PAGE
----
Innovating With Texture: Insights From CP Kelco

Tuesday, May 7th, 2019 | 926 Views

While flavor and formula typically receive the most attention from food formulators, it’s texture that’s on trend in product development today. Whether it’s duplicating the frothy foaminess of a coffee shop concoction or doing the unthinkable—shaking up carbonated soft drinks to create a gel, texture is making a splash in beverages. Unique texture combos are invading the snack aisle as well, from the savory (sophisticated gummies in Asia-Pacific) to the sweet (multi-layer, creamy and crunchy dessert indulgences in Europe).

Consumers—especially young adults—seek multisensory taste experiences,” said Cara Zhuang, Sr. Manager, Asia Pacific Marketing at CP Kelco. “In regions around the world, people want products that are not only nutritious but exciting,” she added. “The goal becomes ‘how can I capture multiple taste sensations in one bite or sip?’ Texture helps to create the unique experiences they crave… the kind they even want to photograph and share.”

What’s Behind The Trend?

To understand the innovation trend in texture, it helps to take a big-picture look into its origins and development. We’ve come up with a list of possible reasons why everyone is talking about texture:

Reduce sugar and fat, add texture back. Sugar reduction has become one of the most discussed topics in the APAC food and beverage industry. Globally, it’s not only a health goal but an economic issue too. Consider the number of countries in the region that have implemented sugar taxes so far, as well as the number of companies that have pledged to voluntarily reduce sugar in their products. However, removing sugar and fat can have a major impact on product texture. Formulators know that it takes considerable texture expertise to create reduced-sugar and reduced-fat versions comparable to the original. “When you take out sugar or switch to a different sweetener, you need to add something else to make up for it,” said Ms. Zhuang. “Formulators know that sugar not only provides taste but a lot of body and texture. When removing or reducing sugar, you need to add an ingredient such as pectin in your formulation. This can help build back mouthfeel in some applications and even help to mask some of the bitter notes from substitute sweeteners,” she added.

Coming clean: Consumer interest in clean label foods and beverages is also having an impact on ingredient choices to address texture needs. For formulators, this means looking for new, nature-based texturizing solutions. Versatile, innovative texturants, such as gellan gum, pectin and citrus fiber, have become go-to solutions in the clean label toolbox of many formulators.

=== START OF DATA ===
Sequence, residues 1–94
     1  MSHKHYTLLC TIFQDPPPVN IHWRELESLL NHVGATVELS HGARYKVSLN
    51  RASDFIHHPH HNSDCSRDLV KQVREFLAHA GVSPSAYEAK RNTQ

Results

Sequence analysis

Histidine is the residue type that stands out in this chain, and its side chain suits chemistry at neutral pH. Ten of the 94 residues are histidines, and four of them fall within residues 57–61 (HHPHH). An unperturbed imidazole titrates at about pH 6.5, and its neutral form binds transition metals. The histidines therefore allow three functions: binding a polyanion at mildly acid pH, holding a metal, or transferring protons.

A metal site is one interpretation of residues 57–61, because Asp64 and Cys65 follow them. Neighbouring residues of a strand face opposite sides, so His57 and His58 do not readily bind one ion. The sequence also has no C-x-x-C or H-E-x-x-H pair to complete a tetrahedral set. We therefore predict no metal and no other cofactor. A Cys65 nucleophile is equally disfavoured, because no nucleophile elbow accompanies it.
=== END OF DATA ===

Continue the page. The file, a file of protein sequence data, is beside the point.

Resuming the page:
Reformulating: You can teach an old dog new tricks. Reformulating products with innovative texture approaches is breathing new life into older products. In North America, handheld soups have always been a great convenience but now they’re being reinvented with thicker, creamier textures. And, in a hyper-competitive market like Japan, where 1,000 new beverages are launched every year, innovation is everything. In addition to novelty drinks, formulators are enriching classic beverages with new flavors, adding fiber and testing variations on mouthfeel.

More protein, please. As the health halo around protein continues, demand is building. Consumers and manufacturers are actively seeking out solutions beyond meat, dairy and eggs. In fact, plant-based product claims have increased by 62 percent globally (2013-2017), according to Innova Market Insights data. However, plant proteins tend not to have the clean flavor profile of dairy protein. Adjustments need to be made to compensate for “beany” or “earthy” taste and grittiness – even color and particle size. Stability can also be difficult when you can’t count on the proteins to recreate the functionality of dairy protein. In acidic (low pH) beverages, plant-based proteins aren’t soluble. Hydrocolloids, such as gellan gum and pectin can create the necessary suspension of insoluble proteins and calcium. Then, there are a number of ways in which texture and taste interact in a product. When a formulator is trying to increase thickness – say in a drinking yogurt – it can seem as if the flavor is decreasing. Hydrocolloids can mask the flavor of plant proteins and provide a smooth, creamy texture.

Dairy contrary. Nut, soy, oat and other grain-based beverages are providing consumers with lots of options. But this new breed of plant-based dairy alternatives also adds new texture challenges. The products must live up to consumers’ expectations of a familiar dairy beverage experience. How can companies increase viscosity and mouthfeel in plant-based “milks” to resemble the richness of whole dairy milk? And are shelf-stable versions worthy to challenge the traditional Indian dairy diet?

Keeping us in suspense. Suspended inclusions are popping up everywhere nowadays. From herbs in salad dressing to edible glitter in frosting, we see these creative formulations in a wide range of products. Regionally, boba balls in dessert drinks have been popular, as have fruit and cereal in drinking yogurt. While some are just for fun, other textural elements, like the fruit and cereal pieces, aloe vera and nata de coco, add flavor and can even raise a product’s health profile.

You see, when it comes to innovation, texture just may become a product formulator’s new best friend.


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